Osteoarthritis affects the older person’s majorly towards economic and societal implications. The most common affect the activities of daily life and impairments in quality of life. They further lead to an increase in healthcare costs, dependency on others, and institutionalism. Older adults depend on others due to impairments and limitations in the functioning of life areas. The comprehensive concept is involved in functioning that includes rest, leisure, self-care, and productivity. These are the groups that require rehabilitation and physical medicine activities along with occupational and physical medicine therapists (Duong, Bennell & Deveza et al., 2018). Moreover, this results in the person in the development of anxiety and depression because the person feels lonely and burden to others. This is the very unpleasant feeling of sad and despairing patients. This can vary in a person from no self-worth, loss of confidence to the thought of wanting to end life. The mood of the patient is affected as the person feels tired and without the energy that drives the person to enjoy their life. The person faces a reduction in concentration and difficulty in decision making. The short-temperedness is the common condition that the person faces due to irritability with family and friends. The person usually comes with the thoughts of suicide and self-harm as the consequence of comorbidities. This is because the patient suffering from Osteoarthritis feel that they are a burden to family and of no importance on earth. This results in more than one disease at a single time as a consequence of others (Finch, Kemp & Clapperton et al., 2015). The older adults face problems in mobility and household activities to demonstrate the functional assessment and related interventions that could help in preventing the patients from getting affected due to further social, health, and activities of daily life.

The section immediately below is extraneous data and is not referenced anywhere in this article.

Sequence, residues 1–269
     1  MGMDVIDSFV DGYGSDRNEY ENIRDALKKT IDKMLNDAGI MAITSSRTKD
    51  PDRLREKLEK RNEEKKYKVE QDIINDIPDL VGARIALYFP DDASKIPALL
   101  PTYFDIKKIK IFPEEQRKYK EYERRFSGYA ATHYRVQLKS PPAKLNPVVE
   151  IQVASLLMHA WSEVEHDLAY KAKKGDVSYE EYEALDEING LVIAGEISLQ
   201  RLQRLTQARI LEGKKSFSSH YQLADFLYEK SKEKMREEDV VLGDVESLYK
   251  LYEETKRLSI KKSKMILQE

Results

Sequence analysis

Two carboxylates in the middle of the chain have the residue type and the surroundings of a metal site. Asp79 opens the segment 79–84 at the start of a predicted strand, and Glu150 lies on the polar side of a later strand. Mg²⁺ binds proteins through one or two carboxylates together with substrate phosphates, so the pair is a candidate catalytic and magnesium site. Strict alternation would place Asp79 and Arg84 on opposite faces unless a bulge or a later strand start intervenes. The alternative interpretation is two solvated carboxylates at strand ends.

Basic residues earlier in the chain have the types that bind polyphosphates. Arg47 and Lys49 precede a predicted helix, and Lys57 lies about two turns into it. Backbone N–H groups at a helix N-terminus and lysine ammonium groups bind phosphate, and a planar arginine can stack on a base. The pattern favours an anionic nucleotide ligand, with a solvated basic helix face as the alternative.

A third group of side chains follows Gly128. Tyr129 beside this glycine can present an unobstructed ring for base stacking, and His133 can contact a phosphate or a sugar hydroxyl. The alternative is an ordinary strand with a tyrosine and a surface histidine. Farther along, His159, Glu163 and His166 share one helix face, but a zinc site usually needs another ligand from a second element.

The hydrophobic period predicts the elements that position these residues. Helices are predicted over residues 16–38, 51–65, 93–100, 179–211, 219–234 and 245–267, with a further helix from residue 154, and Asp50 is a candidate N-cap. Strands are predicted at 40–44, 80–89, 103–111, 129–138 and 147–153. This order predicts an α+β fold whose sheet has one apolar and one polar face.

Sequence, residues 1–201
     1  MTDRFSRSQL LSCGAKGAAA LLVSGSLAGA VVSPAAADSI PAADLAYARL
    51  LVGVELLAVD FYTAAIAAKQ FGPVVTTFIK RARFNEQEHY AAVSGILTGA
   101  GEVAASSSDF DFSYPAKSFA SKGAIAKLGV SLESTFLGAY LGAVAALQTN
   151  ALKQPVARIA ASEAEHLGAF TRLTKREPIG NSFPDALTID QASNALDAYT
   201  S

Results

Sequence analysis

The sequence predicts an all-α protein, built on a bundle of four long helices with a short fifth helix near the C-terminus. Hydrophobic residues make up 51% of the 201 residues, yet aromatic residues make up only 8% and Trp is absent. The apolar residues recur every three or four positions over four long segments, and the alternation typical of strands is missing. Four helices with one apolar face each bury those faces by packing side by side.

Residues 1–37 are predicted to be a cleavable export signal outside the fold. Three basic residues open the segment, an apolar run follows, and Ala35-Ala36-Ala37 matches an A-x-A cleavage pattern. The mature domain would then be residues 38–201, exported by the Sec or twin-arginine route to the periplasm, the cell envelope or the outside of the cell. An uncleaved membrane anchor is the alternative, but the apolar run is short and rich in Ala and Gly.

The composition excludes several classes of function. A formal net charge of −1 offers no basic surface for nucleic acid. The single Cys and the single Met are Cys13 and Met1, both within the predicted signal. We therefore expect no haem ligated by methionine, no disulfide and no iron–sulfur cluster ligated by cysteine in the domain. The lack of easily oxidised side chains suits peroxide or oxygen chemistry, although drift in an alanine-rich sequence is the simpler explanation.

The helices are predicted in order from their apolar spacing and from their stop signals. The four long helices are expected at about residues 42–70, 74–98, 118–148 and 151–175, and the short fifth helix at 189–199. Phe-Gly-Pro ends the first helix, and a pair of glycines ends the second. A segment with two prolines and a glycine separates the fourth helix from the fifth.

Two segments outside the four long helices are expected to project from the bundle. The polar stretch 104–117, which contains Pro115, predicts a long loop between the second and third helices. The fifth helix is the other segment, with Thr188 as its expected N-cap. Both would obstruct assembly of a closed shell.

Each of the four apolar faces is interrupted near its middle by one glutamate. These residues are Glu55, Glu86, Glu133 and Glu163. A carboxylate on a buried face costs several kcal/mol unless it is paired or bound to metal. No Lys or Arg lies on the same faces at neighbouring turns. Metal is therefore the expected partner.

Nursing professionals play a great role in recovering patients from minor as well as serious complications. The implications for patient safety to improve the condition of Osteoarthritis patients by effective nursing care plans are cognitive behavioral therapy, enjoyable activities, the inclusion of Mediterranean diet, diet supplements, effective communication, and patient-centered care. Effective communication is the holistic approach that includes the assessment of patients to understand an individual's social, medical, and psychological needs (Ackerman, Pratt & Gorelik et al., 2018). Patient-centered care is the tool that is used to play an active role in evaluating and monitoring the treatment options and improving accordingly as per patient choices. Diet supplements play a major role in treating Osteoarthritis patients as based on the advice of physicians the patient is said to add fish oil supplements, vitamin D, vitamin K, and Calcium. The Mediterranean diet is a healthy Australian diet that includes healthy fats such as nuts, fish, and extra virgin olive oil to maintain bone and joint health. Moreover, the green leafy vegetables are rich in Vitamin K that reduce inflammation in the blood. The enjoyable activities build social-connection, self-esteem, and self-efficacy. Cognitive Behavioral Therapy is the best option to get relief from depression and anxiety. These will help in affecting the person’s functionality, quality of life, and maintaining relationships (Ackerman, Bohensky & Zomer et al., 2019).